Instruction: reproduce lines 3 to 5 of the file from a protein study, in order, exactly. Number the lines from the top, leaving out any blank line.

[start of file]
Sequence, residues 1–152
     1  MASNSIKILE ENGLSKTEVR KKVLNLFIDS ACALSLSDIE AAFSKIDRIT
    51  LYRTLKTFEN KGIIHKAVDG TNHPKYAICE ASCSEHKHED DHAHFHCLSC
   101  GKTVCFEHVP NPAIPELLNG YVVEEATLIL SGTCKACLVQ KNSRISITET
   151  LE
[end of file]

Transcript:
    51  LYRTLKTFEN KGIIHKAVDG TNHPKYAICE ASCSEHKHED DHAHFHCLSC
   101  GKTVCFEHVP NPAIPELLNG YVVEEATLIL SGTCKACLVQ KNSRISITET
   151  LE